Implants are a routine demand of European modern dentistry, which offers the new Camlog implant system. The center offers a three-year warranty on its prosthetics, crowns, bridges, and dentures. The majority of the procedures are full-mouth veneers for a fraction of the cost paid in the United States. The state-of-the-art equipment and materials are comparable to those in the United States, and would put many of our offices to shame.
This is your true dental and medical spa. The “beautiful people” have their surgery and therapeutic services that include every type of massage imaginable, and visit the healing mineral waters, which accelerate tissue healing from the inside out and outside in. A large barrel with many spigots allows visitors to help themselves to the sulfuric mineral waters to heal inside. I had to hold my breath and quickly shoot it down my throat. I did not like the rotten egg smell.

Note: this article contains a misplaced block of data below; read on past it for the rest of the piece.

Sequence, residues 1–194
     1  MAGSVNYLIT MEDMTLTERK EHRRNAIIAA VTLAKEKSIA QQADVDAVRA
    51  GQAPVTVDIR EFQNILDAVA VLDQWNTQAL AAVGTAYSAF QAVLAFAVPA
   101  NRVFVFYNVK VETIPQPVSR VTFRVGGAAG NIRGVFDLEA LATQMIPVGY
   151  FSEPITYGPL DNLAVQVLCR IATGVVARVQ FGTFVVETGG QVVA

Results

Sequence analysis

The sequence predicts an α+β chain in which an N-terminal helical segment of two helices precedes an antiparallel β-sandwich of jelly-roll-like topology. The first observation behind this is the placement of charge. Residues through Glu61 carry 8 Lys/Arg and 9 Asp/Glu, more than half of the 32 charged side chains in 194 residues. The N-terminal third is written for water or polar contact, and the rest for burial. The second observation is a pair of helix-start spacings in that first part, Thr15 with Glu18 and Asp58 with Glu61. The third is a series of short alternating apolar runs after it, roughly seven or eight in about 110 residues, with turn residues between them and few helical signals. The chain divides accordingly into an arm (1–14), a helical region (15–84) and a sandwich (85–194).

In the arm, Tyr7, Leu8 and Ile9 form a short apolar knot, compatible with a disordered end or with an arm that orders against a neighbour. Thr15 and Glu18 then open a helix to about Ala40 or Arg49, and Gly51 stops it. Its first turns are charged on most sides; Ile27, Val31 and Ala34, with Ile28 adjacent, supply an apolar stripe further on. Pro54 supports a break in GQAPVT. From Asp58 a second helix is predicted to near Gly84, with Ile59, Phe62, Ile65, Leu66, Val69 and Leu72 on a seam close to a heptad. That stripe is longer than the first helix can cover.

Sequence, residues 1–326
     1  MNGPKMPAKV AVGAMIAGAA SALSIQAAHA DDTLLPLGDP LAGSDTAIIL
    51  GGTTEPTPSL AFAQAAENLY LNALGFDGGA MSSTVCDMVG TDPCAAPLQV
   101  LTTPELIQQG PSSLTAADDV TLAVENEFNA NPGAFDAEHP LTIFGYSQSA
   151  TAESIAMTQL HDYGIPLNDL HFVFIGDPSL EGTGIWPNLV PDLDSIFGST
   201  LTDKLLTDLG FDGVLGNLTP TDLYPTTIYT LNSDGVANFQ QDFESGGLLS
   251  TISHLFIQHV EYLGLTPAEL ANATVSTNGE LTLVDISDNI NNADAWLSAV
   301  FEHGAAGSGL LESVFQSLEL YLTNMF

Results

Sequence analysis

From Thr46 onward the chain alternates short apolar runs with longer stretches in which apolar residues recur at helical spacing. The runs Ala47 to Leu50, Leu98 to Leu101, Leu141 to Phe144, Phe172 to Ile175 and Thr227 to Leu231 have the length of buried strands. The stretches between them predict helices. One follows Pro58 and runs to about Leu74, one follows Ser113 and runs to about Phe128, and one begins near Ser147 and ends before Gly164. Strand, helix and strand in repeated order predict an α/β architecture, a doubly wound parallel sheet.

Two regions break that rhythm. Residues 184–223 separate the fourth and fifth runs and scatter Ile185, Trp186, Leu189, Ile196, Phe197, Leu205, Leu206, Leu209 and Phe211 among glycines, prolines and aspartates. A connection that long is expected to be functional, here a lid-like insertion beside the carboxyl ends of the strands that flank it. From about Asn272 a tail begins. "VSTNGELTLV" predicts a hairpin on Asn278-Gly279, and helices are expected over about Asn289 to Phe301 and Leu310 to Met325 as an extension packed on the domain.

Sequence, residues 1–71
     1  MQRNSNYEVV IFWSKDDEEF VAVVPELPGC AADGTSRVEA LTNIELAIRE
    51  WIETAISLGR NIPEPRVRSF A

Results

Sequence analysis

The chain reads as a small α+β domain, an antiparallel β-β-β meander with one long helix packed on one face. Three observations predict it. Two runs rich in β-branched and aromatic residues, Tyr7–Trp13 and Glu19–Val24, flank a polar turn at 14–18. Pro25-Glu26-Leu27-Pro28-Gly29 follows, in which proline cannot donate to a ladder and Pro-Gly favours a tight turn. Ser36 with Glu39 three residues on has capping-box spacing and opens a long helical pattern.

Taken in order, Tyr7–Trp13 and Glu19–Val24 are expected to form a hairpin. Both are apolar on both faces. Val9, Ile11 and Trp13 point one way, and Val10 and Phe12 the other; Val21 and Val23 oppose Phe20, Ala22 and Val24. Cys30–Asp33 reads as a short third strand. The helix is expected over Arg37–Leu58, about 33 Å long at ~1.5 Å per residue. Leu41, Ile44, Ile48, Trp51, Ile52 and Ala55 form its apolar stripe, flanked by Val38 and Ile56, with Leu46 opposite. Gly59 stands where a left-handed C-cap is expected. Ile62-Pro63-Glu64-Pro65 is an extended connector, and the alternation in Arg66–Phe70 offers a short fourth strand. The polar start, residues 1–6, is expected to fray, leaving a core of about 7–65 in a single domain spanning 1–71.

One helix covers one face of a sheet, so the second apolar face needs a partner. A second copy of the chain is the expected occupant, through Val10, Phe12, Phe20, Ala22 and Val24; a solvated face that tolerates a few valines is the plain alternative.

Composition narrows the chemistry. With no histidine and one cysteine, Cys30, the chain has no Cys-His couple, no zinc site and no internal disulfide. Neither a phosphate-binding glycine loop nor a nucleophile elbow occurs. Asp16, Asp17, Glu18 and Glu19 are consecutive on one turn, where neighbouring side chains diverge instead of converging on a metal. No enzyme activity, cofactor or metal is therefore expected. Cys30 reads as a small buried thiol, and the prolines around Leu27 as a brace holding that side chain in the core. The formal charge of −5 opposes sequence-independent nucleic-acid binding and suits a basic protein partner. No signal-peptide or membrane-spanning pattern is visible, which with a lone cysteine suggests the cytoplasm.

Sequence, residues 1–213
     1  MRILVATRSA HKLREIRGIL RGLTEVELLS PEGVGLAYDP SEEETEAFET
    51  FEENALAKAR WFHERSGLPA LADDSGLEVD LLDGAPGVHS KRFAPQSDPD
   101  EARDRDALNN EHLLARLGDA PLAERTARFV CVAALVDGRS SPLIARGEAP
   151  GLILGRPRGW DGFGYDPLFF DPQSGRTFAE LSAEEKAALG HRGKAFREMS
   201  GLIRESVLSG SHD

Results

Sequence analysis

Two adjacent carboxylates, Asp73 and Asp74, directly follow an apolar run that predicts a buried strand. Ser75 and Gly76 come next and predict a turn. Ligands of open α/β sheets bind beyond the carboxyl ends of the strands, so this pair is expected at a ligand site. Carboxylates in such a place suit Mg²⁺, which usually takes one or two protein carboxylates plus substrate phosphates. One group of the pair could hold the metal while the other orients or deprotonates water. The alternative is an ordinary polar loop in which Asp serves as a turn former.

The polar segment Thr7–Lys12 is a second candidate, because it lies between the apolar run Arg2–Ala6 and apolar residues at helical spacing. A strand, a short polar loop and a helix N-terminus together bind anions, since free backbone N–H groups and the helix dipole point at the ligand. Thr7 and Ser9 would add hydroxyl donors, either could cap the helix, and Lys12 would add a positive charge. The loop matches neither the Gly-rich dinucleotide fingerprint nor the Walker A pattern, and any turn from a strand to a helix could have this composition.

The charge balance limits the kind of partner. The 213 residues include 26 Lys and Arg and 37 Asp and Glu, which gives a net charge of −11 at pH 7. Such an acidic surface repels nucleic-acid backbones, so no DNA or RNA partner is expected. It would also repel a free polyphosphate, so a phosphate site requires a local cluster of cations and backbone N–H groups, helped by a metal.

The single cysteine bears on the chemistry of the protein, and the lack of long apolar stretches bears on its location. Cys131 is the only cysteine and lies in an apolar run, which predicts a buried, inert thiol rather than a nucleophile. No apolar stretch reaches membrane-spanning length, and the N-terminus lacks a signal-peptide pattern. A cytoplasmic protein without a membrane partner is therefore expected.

At the spa for the privileged I met a new friend who was fascinated by the work of dental hygienists and the extent of our education and concern for the welfare of our patients. She had no idea what our level of involvement was in the dental practice.
I asked her what she did for a living, and she said she felt comfortable sharing her profession with me ... Professional International Dominatrix. I tried not to move a muscle, including any facial expression or jaw dropping - not wanting to show shock or ignorance about her profession. I then realized that I was not breathing and needed to remind myself to take slow, deep breaths. And she was fascinated with what we do?